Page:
The price increases won't be due to lack of supply. There's plenty of natural gas, just not enough pipeline to get it into New England. With only five pipelines into the region, additional transmission capacity will be key to the region's energy future.
"The rest of the country is swimming in natural gas, but we seem to be having a problem with it," said N.H. Public Utilities Commissioner Michael Harrington at an ISO-NE conference in Nashua on Wednesday. "The preferred solution is to get more pipeline."
ISO-NE has unveiled a new strategic plan that it hopes will have exactly that effect, by creating incentives for power plants to lock up natural gas supplies years in advance. That in turn, hopefully, will motivate gas line companies to create more transmission capacity.
"No one is running out and building new pipeline," Harrington said, describing the current scenario, in which pipeline builders want 20-year commitments, but energy plant owners are not willing to bet beyond five.
A changing fuel mix
While the debate over the environmental impact of hydro-fracking continues in upstate New York, Pennsylvania, and nearby New Brunswick, Canada, where massive deposits of shale gas are waiting to be tapped, the extraction continues and the impact on energy markets has been a game-changer.
"Today, with shale gas, the technology change has released the potential for what I call a national treasure with regard to the supply of natural gas for many decades to come," said Robert Keating, a principal for the energy consulting group, Keating Strategies, and moderator for a panel discussion at the ISO event in Nashua. "Studies show 100 years of supply for economically recoverable resources, which will not even begin to plateau until 2040."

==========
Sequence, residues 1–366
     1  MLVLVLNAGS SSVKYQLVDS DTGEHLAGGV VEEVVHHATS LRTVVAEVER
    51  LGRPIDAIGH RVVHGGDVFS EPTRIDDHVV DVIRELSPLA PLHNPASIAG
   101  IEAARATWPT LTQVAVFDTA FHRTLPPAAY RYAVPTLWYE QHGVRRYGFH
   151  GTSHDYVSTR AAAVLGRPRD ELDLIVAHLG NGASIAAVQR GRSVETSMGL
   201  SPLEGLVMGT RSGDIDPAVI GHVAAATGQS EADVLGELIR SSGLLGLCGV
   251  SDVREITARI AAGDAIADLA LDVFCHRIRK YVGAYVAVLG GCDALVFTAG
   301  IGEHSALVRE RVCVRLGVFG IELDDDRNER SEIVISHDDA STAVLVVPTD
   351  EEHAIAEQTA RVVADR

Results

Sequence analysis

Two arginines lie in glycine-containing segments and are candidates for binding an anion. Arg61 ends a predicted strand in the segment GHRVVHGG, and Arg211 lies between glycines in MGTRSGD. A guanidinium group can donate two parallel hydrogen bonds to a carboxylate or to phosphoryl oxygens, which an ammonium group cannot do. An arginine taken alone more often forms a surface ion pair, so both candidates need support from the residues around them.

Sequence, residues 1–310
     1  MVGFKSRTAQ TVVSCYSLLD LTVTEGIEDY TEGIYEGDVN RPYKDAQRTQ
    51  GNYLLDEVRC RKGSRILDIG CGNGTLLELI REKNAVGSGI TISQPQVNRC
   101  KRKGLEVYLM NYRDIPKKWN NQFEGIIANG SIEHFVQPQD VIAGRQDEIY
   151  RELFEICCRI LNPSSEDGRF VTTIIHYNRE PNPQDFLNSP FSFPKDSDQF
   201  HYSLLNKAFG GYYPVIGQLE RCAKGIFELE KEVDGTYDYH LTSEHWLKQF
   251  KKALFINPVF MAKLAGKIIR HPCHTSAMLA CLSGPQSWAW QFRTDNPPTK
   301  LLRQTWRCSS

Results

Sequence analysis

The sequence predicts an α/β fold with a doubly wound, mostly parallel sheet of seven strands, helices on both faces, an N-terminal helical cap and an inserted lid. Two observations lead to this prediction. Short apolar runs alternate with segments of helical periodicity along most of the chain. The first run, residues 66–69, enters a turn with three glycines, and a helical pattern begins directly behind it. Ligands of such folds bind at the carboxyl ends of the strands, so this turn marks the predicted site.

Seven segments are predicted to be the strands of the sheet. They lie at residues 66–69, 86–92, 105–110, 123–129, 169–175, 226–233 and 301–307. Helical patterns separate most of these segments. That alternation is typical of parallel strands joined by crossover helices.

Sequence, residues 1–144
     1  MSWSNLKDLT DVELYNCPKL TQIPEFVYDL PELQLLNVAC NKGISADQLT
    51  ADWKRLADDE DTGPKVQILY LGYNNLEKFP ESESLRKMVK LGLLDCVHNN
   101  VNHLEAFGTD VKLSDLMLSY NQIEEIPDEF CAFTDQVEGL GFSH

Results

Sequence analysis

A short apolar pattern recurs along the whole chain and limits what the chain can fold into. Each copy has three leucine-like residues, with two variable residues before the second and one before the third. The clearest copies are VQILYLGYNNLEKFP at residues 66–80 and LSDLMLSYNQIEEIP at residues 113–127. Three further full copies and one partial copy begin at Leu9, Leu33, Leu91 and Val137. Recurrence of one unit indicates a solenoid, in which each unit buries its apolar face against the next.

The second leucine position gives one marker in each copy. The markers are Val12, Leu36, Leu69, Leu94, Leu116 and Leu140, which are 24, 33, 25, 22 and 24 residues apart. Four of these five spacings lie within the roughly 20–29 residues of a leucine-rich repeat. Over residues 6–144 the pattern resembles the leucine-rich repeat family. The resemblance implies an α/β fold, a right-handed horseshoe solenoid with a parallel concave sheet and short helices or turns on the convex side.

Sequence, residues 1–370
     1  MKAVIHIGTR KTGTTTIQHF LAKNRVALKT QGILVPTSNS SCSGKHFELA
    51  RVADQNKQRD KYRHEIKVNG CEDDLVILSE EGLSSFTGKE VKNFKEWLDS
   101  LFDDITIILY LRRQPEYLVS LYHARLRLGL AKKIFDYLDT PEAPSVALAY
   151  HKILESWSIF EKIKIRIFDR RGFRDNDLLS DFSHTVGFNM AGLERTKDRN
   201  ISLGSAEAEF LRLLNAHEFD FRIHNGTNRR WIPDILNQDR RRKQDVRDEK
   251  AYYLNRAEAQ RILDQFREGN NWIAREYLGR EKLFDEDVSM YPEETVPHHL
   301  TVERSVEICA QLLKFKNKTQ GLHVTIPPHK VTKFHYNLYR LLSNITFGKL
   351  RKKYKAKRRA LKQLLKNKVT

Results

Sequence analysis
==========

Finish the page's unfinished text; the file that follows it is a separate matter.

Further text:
In 2000, the fuel mix used to fire up New England power plants was as well-balanced as a good 401(k) portfolio, with 31 percent nuclear, 22 percent oil, 18 percent coal, 15 percent natural gas and 13 percent renewables. PSNH and its Northern Pass partners have argued that the Northern Pass project, designed to bring hydro-electric power from Quebec into the New England grid, will help expand the renewable portion of the mix if it is ever approved.
For now, natural gas dominates, with 52 percent of the market. Nuclear and renewables are holding steady, while oil and coal virtually disappeared, called upon only in emergencies like last January and February.